The synthesis of bacterial flagella (the "tails" they use to propel their swimming motion) served as the foundation of one of my most-cited papers:
Plaxco KW & Groß M (1997): Nature 386, 657-659 (17.4.1997)
Cell biology: The importance of being unfolded (News and Views)
where Kevin Plaxco and I proposed that the regulatory protein FlgM, which serves its function in an unfolded state, might just be one of many such "unfolded yet active" proteins. Which turned out to be quite true.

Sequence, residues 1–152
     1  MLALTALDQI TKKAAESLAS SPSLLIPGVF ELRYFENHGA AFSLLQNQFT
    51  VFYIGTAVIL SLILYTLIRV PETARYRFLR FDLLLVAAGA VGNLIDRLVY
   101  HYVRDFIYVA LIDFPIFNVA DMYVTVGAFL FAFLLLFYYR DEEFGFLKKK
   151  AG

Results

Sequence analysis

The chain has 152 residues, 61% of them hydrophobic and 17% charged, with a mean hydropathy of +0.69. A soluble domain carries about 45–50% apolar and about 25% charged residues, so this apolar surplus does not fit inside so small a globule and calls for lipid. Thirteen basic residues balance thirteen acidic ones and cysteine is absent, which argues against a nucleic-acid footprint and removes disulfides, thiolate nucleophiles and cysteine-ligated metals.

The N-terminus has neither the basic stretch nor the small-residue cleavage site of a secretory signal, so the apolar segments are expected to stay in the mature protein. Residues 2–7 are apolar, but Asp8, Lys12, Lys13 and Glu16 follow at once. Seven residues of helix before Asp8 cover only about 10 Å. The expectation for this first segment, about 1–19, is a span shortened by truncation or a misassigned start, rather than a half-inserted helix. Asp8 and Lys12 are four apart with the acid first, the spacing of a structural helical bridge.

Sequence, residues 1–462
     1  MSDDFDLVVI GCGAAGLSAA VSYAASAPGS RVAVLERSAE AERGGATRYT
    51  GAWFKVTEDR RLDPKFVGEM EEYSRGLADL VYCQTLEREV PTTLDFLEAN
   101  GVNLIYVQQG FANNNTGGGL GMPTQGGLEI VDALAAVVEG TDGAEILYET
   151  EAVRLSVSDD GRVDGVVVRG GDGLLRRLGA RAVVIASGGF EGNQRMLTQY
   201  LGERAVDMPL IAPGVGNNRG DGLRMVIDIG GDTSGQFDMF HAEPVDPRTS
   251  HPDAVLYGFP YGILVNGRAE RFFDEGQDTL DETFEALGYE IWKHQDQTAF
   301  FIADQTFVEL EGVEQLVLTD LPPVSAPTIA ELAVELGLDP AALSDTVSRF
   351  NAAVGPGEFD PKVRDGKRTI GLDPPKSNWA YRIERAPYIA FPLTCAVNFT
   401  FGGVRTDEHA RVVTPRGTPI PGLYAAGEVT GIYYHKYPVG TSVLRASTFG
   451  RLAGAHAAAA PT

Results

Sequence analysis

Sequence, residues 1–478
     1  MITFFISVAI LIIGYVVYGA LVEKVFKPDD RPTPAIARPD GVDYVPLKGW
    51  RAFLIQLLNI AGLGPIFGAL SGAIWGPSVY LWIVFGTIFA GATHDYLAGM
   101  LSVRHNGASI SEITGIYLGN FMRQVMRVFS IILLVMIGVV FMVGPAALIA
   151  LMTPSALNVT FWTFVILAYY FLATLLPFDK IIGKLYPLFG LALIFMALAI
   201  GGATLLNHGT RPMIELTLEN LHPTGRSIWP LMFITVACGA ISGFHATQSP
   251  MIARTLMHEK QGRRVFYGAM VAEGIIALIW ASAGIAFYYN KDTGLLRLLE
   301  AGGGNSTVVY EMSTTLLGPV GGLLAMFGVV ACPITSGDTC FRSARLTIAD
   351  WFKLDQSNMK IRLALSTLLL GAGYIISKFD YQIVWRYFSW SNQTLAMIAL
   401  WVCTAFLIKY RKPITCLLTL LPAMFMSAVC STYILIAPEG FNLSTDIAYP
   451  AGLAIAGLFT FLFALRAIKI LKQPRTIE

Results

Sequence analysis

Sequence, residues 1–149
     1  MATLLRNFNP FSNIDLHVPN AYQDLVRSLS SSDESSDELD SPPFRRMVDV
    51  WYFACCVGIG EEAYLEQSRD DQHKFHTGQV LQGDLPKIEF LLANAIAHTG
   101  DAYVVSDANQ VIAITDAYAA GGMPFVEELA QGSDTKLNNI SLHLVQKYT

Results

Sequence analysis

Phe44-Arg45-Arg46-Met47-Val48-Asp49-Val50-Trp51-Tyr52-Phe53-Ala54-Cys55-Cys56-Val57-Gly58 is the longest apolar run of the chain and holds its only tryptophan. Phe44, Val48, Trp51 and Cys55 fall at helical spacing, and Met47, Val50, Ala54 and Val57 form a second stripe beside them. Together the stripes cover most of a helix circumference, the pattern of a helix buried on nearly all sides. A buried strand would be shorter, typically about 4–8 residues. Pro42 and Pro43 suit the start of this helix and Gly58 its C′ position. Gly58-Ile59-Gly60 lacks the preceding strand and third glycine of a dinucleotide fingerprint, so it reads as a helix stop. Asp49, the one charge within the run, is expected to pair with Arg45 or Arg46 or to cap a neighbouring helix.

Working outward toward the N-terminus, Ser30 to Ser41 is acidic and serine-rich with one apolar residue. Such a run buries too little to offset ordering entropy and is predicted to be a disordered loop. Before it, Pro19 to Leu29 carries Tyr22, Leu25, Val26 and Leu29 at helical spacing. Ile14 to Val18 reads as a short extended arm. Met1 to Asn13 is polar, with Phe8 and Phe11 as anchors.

The group of Kelly Hughes, whose work our comment was based on, has now investigated the energy source of the process of building up bacterial flagella, which is quite intriguing as proteins are pumped out through the hollow interior of the growing structure. Surprisingly it's not driven by ATP, but only by a proton gradient.
It's in the current issue of Nature, page 489:
Energy source of flagellar type III secretion
Koushik Paul, Marc Erhardt, Takanori Hirano, David F. Blair & Kelly T. Hughes